Deputy Prime Minister and Minister of Finance Chrystia Freeland responds to a question during a news conference Thursday Aug. 20, 2020 in Ottawa. (Adrian Wyld/THE CANADIAN PRESS)

Liberals unveil new $37B COVID-19 financial assistance package

The federal government is extending a key social safety net program for Canadian workers who lost their jobs due to the economic fallout of the COVID-19 pandemic and revamping Canada’s employment insurance (EI) program to allow more people to receive financial assistance as the country begins its slow recovery.

The new plan released Thursday by Deputy Prime Minister and Finance Minister Chrystia Freeland and Employment Minister Carla Qualtrough details how millions of Canadians who receive the Canada Emergency Response Benefit (CERB) will transition to EI at the end of September.

The federal treasury has already paid out $69 billion to more than 8.6 million CERB recipients.

The minority Liberal government is also introducing three new temporary benefits, including a form of paid sick leave. In total, these new financial assistance plans are budgeted to cost at least $37 billion over the next year.

“By supporting Canadians who are out of work because of the pandemic, we are making it possible for our country to continue to practise social distancing and to do the right things in the fight against the coronavirus,” Freeland said at a press conference in Ottawa, during her first appearance as Canada’s newly minted finance minister.

“As we shift from our initial emergency response to a safe and prudent restart, as we shift to living with COVID-19, our approach also needs to evolve.”

‘Leave no one behind’

Employment, Workforce Development and Disability Inclusion Minister Carla Qualtrough responds to a question during a news conference Thursday Aug. 20, 2020 in Ottawa. (Adrian Wyld/THE CANADIAN PRESS)

The (CERB), which pays $2,000 a month ($500 a week) to people who lost their jobs during the pandemic, will be extended by another four weeks until Sept. 27.

After that most Canadians who receive CERB will automatically transition to EI.

A new benefit that pays $400 a week for up to 26 weeks will replace it for those ineligible for EI.

Self-employed or gig workers, for example, can apply for the benefit if they have stopped working or had reduced incomes due to COVID-19.

Under the new regime, they can continue to earn money, but will be required to repay 50 cents of every dollar earned above $38,000.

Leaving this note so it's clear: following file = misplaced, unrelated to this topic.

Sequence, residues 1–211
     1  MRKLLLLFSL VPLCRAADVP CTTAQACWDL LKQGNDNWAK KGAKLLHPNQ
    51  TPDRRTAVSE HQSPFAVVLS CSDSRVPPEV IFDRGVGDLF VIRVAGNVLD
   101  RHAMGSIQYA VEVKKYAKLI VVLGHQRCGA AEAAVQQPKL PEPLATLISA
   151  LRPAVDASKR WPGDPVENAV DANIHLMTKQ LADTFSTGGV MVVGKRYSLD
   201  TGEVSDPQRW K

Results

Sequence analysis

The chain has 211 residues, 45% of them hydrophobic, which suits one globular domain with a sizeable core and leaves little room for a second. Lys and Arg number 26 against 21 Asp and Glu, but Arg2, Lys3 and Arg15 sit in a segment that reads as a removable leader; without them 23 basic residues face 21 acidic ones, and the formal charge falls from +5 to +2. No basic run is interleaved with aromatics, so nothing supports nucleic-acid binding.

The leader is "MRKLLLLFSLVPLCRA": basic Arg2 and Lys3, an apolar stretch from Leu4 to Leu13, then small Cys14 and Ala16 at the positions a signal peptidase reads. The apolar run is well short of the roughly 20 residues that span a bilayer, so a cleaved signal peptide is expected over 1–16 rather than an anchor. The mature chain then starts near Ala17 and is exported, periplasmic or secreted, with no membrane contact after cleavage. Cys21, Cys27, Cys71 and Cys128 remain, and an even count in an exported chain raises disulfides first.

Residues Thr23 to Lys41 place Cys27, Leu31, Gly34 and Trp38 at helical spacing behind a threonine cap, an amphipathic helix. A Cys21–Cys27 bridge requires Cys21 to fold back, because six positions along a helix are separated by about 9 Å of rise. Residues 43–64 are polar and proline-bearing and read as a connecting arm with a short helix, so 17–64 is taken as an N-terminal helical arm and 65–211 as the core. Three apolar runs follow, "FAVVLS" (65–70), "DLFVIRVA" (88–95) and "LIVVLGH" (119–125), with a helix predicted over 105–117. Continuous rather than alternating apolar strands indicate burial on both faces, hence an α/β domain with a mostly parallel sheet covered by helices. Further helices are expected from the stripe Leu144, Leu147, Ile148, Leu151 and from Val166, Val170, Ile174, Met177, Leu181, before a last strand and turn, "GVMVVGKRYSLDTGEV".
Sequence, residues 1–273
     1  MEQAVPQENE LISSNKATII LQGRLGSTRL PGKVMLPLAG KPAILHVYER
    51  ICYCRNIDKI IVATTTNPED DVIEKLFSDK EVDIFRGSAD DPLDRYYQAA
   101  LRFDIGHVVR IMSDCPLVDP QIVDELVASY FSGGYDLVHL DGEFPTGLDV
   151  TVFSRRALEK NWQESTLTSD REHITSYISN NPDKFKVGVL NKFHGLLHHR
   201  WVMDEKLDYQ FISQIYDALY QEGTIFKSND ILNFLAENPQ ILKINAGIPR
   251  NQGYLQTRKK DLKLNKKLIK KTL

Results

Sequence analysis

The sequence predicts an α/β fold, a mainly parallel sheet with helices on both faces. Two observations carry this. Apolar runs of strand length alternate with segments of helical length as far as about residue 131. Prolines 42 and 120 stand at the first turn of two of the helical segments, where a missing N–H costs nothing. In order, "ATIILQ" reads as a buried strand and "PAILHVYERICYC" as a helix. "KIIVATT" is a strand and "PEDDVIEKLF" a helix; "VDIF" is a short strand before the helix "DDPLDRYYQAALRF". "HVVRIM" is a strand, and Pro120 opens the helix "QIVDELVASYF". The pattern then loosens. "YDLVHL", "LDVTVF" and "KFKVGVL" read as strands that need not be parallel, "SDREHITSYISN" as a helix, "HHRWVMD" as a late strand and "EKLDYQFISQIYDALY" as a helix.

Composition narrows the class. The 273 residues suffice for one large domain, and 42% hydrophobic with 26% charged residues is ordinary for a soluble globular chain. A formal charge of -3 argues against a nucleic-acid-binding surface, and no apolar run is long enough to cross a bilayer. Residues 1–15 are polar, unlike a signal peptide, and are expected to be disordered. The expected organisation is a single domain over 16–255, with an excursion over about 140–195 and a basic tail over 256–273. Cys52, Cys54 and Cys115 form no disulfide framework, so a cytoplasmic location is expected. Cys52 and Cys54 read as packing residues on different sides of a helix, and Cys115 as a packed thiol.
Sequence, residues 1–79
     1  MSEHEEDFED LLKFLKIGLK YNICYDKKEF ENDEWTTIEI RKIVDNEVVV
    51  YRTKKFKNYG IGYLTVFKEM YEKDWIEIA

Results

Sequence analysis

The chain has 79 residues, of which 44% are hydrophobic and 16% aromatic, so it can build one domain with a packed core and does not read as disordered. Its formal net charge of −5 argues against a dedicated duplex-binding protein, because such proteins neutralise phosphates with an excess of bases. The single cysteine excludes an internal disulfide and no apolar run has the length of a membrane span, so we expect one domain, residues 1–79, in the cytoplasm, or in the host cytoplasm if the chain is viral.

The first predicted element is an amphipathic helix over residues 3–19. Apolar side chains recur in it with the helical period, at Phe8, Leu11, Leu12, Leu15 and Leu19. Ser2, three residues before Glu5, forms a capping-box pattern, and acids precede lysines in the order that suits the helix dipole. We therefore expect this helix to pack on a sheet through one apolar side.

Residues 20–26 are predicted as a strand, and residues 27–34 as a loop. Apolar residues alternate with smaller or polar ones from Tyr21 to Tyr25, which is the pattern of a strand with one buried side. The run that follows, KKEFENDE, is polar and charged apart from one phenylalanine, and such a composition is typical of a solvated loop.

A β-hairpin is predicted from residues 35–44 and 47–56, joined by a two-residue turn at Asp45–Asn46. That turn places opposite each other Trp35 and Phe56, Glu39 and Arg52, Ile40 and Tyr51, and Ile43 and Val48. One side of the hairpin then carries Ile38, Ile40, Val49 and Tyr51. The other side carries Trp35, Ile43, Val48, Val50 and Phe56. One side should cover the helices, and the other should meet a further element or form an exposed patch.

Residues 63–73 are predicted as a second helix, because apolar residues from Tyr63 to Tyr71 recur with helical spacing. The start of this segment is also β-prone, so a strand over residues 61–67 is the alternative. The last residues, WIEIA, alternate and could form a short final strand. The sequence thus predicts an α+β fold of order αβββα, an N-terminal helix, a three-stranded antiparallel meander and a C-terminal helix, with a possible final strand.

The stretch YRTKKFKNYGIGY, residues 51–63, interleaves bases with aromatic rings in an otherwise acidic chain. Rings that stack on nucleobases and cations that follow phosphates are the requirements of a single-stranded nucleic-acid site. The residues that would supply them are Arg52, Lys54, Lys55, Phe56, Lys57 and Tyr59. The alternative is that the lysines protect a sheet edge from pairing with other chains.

“We’re doing our very best to support all Canadian workers and leave no one behind,” Qualtrough said.

Reforming employment insurance

The federal government is also reforming the EI system to make it easier for workers who began their employment during the pandemic and didn’t accumulate enough insurable hours of work to qualify for financial assistance.

Under the new rules Canadians who had only worked 120 hours in the last 52 weeks can apply and receive a minimum payment of $400 per week, and a maximum of $573 per week, depending on past earnings.

The reworked EI can be claimed for between 26 and 45 weeks, depending on time worked prior.

Sick leave benefit

A second new benefit will provide 10 days of paid sick leave to any worker in Canada who falls ill or has to self-isolate due to COVID-19. That will provide $500 a week, and a claimant can’t claim this benefit and another sick leave payment at the same time.

That program was negotiated with the provinces and territories under an agreement to restart the national economy safely.

A third benefit will support Canadians who must stay home to care for a child under 12 or another dependent because their school, daycare or other day program facility is shut down due to COVID. People who choose to keep their kids home even though the facility is open will not qualify, unless they provide proof there is a medical reason to do so such as an immunodeficiency disorder.

Opposition parties slammed the Liberal plan and its timing – coming just after the Trudeau government prorogued Parliament amid a deepening scandal over the government’s handling of a multi-million contract with WE Charity, which eventually led to the resignation of Finance Minister Bill Morneau.

Business groups also expressed concerns that the generous financial assistance program could slow down the economic recovery by serving as a disincentive for many part-time workers to return to their pre-COVID employment.

With files from Kathleen Harris of CBC News and The Canadian Press

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